The five GIFs above provide a snapshot of just how essential migration and globalisation is to the places we all call home, and this rings true around the entire world. Beyond London, Paris, New York, Shanghai and Sydney, we researched ten further cities, and the story of foreign influences elevating the skyline’s aesthetic stayed the same. Out of the 200 buildings we researched in total, 124 of these were designed by someone from outside of the country in question. The globalisation of architecture accounting for 62% of some of the world’s most well-known, and well-regarded, buildings, a stat certain to inspire anyone looking to make an impact in a new country.
Read on to find out more about the additional 10 cities we researched...
Berlin, Germany
A bustling hub of job opportunities, friendly locals and sightseeing aplenty, Berlin’s German-designed architecture is partnered with designs from key architects around the world, including the famous Frank Gehry, the Canadian-American architect behind the DZ Bank Building. Collaboration between cultures is also at the core of Berlin, with the likes of the Reichstag Building, Berlin Cathedral and Church of Friedrichstadt designed by a combination of nationalities, including French, British and Dutch, working alongside German architects.
Dubai, United Arab Emirates
The Dubai skyline has emerged rapidly on the coast of the United Arab Emirates and it continues to grow with its booming tourism, meaning there’s no surprise that this has created jobs for a wide range of professions, including the architects of the world. Its skyline shares influences from around the world, most notably with the sky-high Burj Khalifa designed by American Adrian Smith, while Brit Tom Wright is responsible for the Burj Al Arab and Hazel Wong, hailing from Hong Kong, the lead architect of Jumeirah Emirates Towers.
Hong Kong, China
Similar to Shanghai, the busy Hong Kong skyline is a great example of what migration and globalisation can achieve, with some of its key buildings being designed by people from outside of the country. Again, American-owned Kohn Pedersen Fox pops up, having designed both the ICC Centre and the prestigious Ritz-Carlton Hong Kong. Argentine-American César Pelli designed Hong Kong’s International Finance Centre, while Government House was designed by Charles St. George Cleverly.
Los Angeles, United States of America
Over to the West Coast of America, and while American architects have designed some famous aspects of the downtown skyline, such as the US Bank Tower, the city does still benefit from a global outlook. Notably, the famous Griffith Observatory that punctuates the Hollywood hills was designed by British architect John C. Austin, while Argentine-born César Pelli (who then came to call Connecticut his home) designed LA’s 777 Tower.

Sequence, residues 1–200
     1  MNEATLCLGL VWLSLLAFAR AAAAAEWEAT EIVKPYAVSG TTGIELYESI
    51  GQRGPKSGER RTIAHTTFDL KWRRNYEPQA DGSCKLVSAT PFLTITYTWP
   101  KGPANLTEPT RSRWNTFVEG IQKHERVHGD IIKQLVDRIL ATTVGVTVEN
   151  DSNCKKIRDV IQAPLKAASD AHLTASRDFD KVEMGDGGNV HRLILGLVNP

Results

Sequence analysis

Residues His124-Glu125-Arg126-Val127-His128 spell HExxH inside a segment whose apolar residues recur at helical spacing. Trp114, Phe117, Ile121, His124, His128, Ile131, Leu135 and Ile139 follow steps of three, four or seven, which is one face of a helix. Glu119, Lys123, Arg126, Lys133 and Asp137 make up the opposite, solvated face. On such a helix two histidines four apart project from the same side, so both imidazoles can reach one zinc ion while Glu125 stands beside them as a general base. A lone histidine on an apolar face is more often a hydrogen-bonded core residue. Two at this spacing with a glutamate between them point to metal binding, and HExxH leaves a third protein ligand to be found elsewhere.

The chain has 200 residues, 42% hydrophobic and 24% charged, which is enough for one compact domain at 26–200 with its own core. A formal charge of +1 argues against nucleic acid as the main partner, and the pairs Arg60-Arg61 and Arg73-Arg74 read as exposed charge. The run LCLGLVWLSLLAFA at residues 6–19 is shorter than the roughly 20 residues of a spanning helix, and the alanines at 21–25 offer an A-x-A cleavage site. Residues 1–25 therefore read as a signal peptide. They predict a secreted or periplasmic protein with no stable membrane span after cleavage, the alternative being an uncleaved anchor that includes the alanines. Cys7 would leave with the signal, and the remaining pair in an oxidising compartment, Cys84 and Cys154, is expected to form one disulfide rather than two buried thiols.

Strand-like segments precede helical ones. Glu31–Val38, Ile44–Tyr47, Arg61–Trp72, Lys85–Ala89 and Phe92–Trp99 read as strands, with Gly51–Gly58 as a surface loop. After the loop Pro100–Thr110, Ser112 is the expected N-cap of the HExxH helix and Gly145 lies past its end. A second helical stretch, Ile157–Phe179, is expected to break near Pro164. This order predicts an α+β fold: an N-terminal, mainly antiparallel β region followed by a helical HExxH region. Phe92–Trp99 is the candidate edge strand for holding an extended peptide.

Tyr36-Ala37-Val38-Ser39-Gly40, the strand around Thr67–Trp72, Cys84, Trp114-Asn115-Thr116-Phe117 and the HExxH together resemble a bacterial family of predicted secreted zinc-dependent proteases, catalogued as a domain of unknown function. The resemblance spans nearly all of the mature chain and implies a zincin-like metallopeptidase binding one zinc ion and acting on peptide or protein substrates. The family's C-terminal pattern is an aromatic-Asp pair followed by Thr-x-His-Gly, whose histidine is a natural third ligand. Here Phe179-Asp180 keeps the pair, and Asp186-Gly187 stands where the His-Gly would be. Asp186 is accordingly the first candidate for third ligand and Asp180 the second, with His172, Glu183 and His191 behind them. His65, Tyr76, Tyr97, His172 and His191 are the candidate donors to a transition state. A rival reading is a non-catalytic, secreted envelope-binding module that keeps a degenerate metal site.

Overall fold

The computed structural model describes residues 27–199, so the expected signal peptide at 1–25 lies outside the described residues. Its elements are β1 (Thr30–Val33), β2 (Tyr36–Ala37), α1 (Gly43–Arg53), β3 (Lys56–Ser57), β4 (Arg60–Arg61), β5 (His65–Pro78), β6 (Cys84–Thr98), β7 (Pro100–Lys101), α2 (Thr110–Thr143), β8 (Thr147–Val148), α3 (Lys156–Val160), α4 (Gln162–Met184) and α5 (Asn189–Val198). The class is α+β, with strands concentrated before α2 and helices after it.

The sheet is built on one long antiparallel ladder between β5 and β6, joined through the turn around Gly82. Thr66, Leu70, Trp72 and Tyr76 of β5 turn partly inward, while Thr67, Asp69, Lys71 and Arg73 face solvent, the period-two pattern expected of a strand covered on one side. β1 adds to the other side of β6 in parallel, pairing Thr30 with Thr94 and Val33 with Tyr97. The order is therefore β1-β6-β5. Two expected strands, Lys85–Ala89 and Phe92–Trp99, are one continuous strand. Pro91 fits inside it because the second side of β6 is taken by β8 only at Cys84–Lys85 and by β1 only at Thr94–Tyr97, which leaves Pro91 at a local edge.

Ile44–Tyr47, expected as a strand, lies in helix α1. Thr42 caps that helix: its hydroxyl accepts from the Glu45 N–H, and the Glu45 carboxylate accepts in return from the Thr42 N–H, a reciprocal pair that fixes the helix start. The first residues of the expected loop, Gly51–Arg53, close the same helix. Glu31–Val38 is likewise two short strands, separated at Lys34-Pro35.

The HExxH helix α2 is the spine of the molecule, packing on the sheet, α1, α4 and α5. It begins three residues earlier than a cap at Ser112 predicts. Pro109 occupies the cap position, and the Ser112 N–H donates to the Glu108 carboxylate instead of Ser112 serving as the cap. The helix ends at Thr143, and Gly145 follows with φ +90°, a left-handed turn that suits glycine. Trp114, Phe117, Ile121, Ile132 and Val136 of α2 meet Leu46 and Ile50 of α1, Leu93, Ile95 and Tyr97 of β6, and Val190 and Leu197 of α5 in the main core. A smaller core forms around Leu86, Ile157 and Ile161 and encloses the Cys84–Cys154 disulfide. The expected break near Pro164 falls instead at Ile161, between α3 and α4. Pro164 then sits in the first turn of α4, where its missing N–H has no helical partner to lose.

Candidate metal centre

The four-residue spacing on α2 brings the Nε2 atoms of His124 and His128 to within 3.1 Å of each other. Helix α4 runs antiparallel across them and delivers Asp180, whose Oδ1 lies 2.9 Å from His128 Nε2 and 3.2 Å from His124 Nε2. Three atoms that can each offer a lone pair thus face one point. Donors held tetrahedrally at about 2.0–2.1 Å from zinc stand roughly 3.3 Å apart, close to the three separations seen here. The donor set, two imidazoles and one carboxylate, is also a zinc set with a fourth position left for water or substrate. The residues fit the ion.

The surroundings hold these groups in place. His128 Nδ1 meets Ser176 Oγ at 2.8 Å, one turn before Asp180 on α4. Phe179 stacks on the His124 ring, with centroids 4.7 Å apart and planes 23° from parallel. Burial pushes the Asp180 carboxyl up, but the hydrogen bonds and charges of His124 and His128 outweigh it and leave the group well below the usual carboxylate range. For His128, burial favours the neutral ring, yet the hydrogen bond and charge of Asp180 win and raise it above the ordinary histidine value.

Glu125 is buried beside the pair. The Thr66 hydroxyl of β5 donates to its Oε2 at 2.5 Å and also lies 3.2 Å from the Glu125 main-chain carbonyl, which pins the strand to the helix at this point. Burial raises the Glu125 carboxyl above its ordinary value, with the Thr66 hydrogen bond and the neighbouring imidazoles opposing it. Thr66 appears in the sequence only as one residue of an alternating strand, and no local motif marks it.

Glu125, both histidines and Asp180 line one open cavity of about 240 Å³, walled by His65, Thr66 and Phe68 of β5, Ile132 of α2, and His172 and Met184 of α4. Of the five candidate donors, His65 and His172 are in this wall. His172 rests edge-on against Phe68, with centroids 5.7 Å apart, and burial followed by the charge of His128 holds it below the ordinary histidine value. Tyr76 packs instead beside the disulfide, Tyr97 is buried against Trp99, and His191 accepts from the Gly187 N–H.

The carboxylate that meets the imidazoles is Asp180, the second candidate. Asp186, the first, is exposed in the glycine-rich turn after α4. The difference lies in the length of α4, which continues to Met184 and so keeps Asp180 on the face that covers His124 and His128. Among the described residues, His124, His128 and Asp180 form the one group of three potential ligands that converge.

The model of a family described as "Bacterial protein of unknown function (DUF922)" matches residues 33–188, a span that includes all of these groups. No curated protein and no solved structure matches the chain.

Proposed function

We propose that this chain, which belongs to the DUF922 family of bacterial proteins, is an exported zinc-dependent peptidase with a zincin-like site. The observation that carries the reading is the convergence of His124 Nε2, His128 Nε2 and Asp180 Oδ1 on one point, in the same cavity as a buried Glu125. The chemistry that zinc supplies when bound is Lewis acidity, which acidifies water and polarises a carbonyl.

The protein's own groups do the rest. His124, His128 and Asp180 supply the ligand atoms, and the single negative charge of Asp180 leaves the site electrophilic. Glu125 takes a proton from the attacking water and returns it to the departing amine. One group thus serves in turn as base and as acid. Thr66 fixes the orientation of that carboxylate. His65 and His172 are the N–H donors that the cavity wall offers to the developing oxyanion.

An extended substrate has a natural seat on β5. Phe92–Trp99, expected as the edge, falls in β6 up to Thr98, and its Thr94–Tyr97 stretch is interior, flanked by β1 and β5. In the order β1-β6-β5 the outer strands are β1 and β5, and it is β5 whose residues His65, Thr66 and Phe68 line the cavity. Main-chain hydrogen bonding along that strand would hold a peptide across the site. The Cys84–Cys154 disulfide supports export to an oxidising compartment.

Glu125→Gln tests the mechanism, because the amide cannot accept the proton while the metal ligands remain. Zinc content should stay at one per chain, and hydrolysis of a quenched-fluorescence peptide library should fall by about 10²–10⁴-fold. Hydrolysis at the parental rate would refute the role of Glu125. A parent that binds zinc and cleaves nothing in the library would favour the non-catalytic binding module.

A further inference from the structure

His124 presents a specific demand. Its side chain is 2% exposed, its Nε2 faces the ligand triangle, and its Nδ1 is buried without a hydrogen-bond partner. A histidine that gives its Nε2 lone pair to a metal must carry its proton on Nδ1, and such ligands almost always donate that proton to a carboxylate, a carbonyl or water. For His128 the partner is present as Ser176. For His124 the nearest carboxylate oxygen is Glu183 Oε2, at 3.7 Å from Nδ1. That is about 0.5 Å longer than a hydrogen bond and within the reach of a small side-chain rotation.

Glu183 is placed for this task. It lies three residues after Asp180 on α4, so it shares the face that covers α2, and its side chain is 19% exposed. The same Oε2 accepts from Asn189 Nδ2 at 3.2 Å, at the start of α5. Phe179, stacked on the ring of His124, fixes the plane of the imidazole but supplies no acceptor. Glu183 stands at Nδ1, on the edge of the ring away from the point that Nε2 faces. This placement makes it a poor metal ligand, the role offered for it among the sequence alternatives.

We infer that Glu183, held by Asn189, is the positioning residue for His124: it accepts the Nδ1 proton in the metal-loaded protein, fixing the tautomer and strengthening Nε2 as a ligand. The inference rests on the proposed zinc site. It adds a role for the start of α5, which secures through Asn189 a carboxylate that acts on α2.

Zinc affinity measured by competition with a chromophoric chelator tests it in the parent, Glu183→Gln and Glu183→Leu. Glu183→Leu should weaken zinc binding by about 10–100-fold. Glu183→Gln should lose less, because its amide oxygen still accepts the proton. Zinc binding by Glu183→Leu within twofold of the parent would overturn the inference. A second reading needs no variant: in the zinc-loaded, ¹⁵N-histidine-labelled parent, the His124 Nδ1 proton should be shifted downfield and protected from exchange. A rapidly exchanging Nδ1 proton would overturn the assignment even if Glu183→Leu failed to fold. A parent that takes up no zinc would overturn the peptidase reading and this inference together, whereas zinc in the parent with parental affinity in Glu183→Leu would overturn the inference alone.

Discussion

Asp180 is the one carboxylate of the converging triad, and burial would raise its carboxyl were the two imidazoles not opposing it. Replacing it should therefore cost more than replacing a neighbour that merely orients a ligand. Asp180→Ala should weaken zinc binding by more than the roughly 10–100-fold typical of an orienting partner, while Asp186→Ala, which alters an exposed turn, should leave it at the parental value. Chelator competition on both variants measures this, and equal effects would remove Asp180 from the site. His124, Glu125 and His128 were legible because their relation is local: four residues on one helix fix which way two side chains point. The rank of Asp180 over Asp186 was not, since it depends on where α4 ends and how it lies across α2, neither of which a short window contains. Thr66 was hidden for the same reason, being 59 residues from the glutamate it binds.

Madrid, Spain
Madrid, the capital of Spain has become a major tourist destination, and also an extremely appealing place for people to live. With its sunshine, job opportunities and striking architecture making Madrid a great place to be. The city’s style is thanks to an array of Spanish architects, but also those from elsewhere, including Filippo Juvarra, the Italian architect behind the Royal Palace of Madrid and MVRDV, the Dutch firm that designed the Mirador Building.
Mumbai, India
Due to the country’s colonial history, English architects such as George Gilbert Scott (designer of the Rajabai Clock Tower) and Fredrick William Stevens (Chhatrapati Shivaji Terminus) have influenced Mumbai architecture, alongside Scot George Witter, the creator of the Gateway of India. The likes of Swedish architect Axel Haig and his work on the Chhatrapati Shivaji Terminus have also played a role in the development of the city, while many of the temples, towers and pagodas were designed by Indian architects such as Laxman Vithu and Deubai Patil.
Oslo, Norway
The Nordic city of Oslo is one that continues to grow, and has been assisted by the designs of architects from around the world, including the German-born architects behind the rebuilding of Oslo cathedral: Alexis de Chateauneuf and Heinrich Ernst Schirmer.
Sao Paulo, Brazil
The sprawling skyline of Brazil’s buzzing financial centre posed a mammoth job for our researchers, with the city littered with notable buildings that seem to stretch as far as the eye can see. Out of the cities researched, Sao Paulo stood out as being heavily designed by Brazilian-born architects, however migrants such as Lina Bo Bardi, who was originally born in Rome, have still played a big part in making the city what it is today. Bo Bardi was responsible for the Museu de Arte, while German Franz Heep designed the Edificio Italia.
Tokyo, Japan
Part of the draw of Tokyo, be it for tourists or migrants, is the beauty in the buildings, that collectively make the entire city such a feast for the eyes. Brimming with culture, some of Tokyo’s most famous buildings are thanks to foreigners, such as Prada Tokyo Aoyama (designed by Swiss firm Herzog de Meuron), the Tokyo International Forum (by Uruguayan architect Rafael Vinoly’s New York firm) and the Watarium Art Museum by Swiss architect Mario Botta.
Vancouver, Canada
We recently revealed that Canada is the country most people around the world are searching for a move to. Which is no surprise, due to its vast array of job opportunities, high earning potential and excellent health care. The country also seems to have been a draw for architects of the world, with Argentine César Pelli making his mark with the TD Tower, US firm Kohn Pedersen Fox with MNP Tower and Danish designer Bjarke Ingels, the architect behind Vancouver House. The great work of Canadian native James Cheng is also seen throughout the city, from the Fairmont Pacific Rim, to the ‘Living Shangri-La'.